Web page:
North Korea is taking time out of their busy schedule of military antagonism, synchronized dance routines, and human rights abuse to explore space.
The Democratic People's Republic of Korea have announced a five-year plan to launch more advanced satellites into orbit by 2020, as well as an unmanned mission to the Moon, all under the command of supreme leader Kim Jong Un.
“We are planning to develop the Earth observation satellites and to solve communications problems by developing geostationary satellites. All of this work will be the basis for the flight to the moon,” Hyon Kwang Il, director of the scientific research department of North Korea's National Aerospace Development Administration, told the Associated Press (AP).
To date, the US is still the only country to have placed a man on the Moon. There have also been unmanned lunar missions carried out by the Soviet Union, European Space Agency, Japan, India, and China.
In terms of North Korea’s technological power, these plans are ambitious. However, experts are saying that it’s far from impossible.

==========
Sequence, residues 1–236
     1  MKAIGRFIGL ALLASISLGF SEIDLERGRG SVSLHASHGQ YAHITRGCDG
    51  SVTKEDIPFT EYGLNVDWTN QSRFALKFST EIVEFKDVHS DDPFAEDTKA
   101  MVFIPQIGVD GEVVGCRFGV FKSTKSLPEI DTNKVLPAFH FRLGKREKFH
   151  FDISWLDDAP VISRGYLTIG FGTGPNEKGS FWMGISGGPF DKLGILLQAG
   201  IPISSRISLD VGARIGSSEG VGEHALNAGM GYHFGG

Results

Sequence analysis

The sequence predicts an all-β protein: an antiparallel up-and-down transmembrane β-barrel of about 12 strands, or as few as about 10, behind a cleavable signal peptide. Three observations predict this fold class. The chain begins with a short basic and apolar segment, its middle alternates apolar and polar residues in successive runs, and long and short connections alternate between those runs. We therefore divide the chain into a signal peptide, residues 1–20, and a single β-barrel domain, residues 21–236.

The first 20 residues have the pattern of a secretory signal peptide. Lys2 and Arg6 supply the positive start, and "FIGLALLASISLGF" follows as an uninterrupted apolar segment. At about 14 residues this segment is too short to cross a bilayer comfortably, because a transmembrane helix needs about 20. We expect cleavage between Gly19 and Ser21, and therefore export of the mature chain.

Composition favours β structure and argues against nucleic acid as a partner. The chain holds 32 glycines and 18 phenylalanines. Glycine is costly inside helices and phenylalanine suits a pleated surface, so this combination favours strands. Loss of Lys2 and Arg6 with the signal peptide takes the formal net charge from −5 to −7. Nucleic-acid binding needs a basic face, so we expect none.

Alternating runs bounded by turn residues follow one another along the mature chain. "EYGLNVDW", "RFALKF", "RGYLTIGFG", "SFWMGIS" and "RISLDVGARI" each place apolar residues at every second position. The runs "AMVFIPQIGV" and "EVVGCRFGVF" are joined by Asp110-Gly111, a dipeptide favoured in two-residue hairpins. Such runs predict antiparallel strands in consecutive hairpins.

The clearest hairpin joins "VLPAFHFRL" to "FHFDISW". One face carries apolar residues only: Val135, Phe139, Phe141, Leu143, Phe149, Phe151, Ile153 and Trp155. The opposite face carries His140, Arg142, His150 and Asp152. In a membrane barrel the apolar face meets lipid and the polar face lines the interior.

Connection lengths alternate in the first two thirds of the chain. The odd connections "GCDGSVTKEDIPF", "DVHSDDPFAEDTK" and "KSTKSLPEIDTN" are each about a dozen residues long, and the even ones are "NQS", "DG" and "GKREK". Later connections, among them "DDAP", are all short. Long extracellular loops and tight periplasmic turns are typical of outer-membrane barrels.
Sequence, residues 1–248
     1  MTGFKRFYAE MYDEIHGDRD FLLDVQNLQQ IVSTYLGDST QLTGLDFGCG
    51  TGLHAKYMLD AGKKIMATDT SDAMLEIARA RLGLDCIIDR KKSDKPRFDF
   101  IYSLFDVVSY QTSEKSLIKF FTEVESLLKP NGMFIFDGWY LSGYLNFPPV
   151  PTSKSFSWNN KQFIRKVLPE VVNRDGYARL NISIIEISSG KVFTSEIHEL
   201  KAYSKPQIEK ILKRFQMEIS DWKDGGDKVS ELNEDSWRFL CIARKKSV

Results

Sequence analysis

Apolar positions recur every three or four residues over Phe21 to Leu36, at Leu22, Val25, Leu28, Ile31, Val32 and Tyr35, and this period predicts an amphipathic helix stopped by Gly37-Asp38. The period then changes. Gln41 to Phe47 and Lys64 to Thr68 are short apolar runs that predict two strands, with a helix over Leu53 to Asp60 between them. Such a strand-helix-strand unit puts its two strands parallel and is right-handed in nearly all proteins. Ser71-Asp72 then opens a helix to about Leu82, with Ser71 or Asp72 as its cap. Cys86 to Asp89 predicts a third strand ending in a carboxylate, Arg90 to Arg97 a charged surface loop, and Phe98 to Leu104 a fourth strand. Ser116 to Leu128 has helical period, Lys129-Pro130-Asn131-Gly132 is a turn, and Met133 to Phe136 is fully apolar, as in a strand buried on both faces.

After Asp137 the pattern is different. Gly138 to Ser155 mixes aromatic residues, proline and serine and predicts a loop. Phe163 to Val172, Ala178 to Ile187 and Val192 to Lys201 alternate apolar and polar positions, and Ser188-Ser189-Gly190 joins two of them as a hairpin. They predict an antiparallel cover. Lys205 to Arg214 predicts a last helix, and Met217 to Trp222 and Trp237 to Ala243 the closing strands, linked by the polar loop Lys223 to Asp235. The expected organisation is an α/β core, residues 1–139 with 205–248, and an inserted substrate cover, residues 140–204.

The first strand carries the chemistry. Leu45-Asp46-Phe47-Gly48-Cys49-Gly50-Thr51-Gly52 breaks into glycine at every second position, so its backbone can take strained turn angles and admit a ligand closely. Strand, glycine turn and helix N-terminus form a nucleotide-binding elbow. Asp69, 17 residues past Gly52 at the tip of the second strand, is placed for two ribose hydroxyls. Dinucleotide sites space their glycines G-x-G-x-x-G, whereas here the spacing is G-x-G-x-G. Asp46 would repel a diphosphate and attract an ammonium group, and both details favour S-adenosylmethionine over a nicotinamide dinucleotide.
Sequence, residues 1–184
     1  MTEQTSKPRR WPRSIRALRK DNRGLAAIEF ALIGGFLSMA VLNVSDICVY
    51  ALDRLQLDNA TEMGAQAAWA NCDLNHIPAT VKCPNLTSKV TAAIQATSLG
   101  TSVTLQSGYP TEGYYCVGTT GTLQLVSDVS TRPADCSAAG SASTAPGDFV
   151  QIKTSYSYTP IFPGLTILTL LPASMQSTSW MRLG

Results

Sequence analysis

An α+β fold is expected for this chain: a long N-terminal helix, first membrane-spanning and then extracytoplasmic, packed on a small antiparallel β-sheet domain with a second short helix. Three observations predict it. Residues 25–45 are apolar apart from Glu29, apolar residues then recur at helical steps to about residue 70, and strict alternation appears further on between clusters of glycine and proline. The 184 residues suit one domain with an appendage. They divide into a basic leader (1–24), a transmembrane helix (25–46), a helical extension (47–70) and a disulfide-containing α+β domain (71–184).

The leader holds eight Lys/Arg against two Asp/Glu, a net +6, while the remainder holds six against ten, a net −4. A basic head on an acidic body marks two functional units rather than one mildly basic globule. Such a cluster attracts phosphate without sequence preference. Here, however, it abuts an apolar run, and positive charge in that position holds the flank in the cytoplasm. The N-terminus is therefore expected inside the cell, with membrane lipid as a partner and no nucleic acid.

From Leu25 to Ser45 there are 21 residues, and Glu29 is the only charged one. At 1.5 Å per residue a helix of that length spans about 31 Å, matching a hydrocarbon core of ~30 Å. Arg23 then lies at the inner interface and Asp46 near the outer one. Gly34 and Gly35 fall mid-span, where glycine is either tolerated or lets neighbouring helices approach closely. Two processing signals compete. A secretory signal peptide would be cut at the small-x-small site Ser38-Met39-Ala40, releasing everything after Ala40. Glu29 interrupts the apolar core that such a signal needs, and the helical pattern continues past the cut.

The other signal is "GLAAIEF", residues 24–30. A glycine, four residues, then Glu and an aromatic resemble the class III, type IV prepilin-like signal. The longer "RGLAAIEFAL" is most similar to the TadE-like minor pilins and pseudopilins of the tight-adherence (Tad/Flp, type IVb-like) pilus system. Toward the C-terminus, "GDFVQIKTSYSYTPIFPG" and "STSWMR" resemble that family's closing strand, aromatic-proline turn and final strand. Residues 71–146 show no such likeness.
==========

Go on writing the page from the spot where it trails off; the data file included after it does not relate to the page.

The totalitarian east Asian state currently has two satellites in orbit. The first was launched in 2012. In February, North Korea launched another satellite, the Kwangmyongsong 4, or Brilliant Star 4.
As astrophysicist and satellite expert Jonathan McDowell told AP, considering the rate of progress between the first satellite launches of both the US and USSR and their moon missions, it’s not crazy to suggest that North Korea could do the same in a short window of time. Despite the economic sanctions that have piled up against them, the hermit kingdom is as brazenly confident as ever.
Hyon Kwang-il added: “Even though the US and its allies try to block our space development, our aerospace scientists will conquer space.”